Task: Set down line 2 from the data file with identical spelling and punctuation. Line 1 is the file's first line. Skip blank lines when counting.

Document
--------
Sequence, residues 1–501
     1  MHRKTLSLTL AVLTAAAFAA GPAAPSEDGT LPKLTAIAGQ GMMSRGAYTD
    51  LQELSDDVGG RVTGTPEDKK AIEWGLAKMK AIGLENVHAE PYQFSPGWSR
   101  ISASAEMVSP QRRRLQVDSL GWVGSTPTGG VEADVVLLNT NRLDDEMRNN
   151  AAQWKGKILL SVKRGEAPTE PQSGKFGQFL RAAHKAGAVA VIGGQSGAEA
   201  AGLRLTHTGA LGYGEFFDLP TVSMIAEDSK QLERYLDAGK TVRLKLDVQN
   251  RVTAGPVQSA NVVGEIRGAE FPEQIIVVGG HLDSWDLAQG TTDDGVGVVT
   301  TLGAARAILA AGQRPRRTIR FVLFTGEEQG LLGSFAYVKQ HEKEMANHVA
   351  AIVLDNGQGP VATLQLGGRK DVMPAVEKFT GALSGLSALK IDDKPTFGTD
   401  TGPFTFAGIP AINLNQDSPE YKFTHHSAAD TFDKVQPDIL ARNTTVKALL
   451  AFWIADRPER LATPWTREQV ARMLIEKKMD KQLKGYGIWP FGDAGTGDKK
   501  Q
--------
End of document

     1  MHRKTLSLTL AVLTAAAFAA GPAAPSEDGT LPKLTAIAGQ GMMSRGAYTD